George F. Harris – An Appreciation

Tributes paid to Hydro, Inc.’s president and founder.
George F. Harris, president and founder of Hydro, Inc.
Hydro, Inc. has introduced the passing of its president and founder, George F. Harris, on December twentieth, 2021.
Born in Chicago in 1941, Harris came from humble beginnings, working as a waiter and a taxi driver. He attended the University of Illinois at Champaign and graduated with a Bachelor of Science degree in Engineering. After commencement, he worked at several major pump firms as an utility engineer and regional manager.
In 1969, Harris was one of many four engineers who founded Hydro, Inc. with the mission of offering engineering providers to the pump aftermarket business. From the beginning, Harris believed in improving the reliability and performance of pumps and inspiring innovation. He was later appointed as president of Hydro.
Hydro began with a single shop in Chicago; beneath Harris’s management and vision Hydro became the largest impartial aftermarket pump company on the planet. Today, Hydro stands proud with 15 service centres in nine nations.
Harris was instrumental in defining the tradition of Hydro: unbiased, engineering- and innovation-focused, and dedicated to the customer. He helped develop applications for customer education in pump processes, believing that the information of how to safely maintain and operate pumps was one thing that must be shared with everyone. He spearheaded many inventions in the best way pumps are serviced, using state-of-the-art expertise to re-engineer pumps for optimum effectivity.
Harris is survived by his spouse of fifty six years, Rita, who he met while at the University of Illinois. She later grew to become vice president of Hydro, and so they worked side-by-side to make the corporate preeminent in the industry. Their management was characterised by a particular dedication to their workers, who they handled like family. They encouraged all service centres to honour Hydro’s workers with monthly worker celebrations and an annual Employee Appreciation Week. As pressure gauge octa mentioned: “Hydro became the company it did due to the commitment of our people – machinists, mechanics, engineers, administrative and sales staff – who all share a pivotal role in serving our clients.”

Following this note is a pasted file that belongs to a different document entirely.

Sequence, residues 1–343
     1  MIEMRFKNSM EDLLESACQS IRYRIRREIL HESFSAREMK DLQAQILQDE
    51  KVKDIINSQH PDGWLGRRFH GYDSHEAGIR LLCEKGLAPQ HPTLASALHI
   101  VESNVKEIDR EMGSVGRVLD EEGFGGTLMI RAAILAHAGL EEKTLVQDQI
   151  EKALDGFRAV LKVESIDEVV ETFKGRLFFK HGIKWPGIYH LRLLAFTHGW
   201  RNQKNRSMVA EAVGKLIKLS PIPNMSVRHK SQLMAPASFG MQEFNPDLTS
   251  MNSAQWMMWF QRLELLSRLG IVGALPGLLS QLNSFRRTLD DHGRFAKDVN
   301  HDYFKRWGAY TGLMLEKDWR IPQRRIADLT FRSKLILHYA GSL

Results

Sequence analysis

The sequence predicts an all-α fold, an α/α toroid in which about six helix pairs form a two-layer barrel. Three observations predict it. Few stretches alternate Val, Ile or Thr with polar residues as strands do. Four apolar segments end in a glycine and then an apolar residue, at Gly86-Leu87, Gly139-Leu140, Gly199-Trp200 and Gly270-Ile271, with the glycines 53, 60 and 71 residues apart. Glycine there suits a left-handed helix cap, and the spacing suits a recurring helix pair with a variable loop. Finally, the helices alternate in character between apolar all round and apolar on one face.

The tradition of care and loyalty nurtured by the Harrises impressed admiration and esteem in all of Hydro’s employees, a lot of whom have worked at Hydro for greater than 20 years. Harris was also well-respected by his peers inside the pump trade. In 2014, he was elected as president of the Hydraulic Institute, the biggest association of pump trade producers in North America. In 2015, Europump awarded him its President’s Silver Award in recognition of his priceless contributions to the pump industry.
Bob Jennings, Corporate Trainer, pays a private tribute:
“I started with HydroAire in 1976 and rapidly learned that George Harris was the consummate protagonist who at all times expected greater than folks have been prepared to offer. As an employee, I discovered quickly that half-hearted measures have been unacceptable and an perspective of ‘good enough” was by no means tolerated. To think that he took a rag-tag group of 5 street-wise salesmen and turned the company into a worldwide organization with 19 facilities worldwide is an incredible accomplishment. It took onerous work, lengthy hours, a “never say never” mindset, and teamwork to develop the corporate as he did. He wished to be one of the best, he needed the corporate to be the best, and he wished every of his workers to be their finest.
George was a gifted individual who had the uncanny ability to “see over the horizon” and will glimpse the long run wants of the business lengthy before others had digested last week’s modifications.
There was additionally a facet of George that most individuals by no means had the opportunity to see: As tenacious a businessman as he was, he was equally beneficiant and caring to those in the “Hydro Family.” George and Rita all the time handled their workers as “adopted sons and daughters” and so they personally bore the burden of understanding that their business decisions not only have an result on the company but the well-being and security of their staff and their households as nicely.
George might be deeply missed, but his legacy will stay on. He employed what he considered the “best of breed” and those that shared his imaginative and prescient for the future, and the corporate is saturated with like-minded individuals who will proceed to grow the corporate nicely into the long run.”


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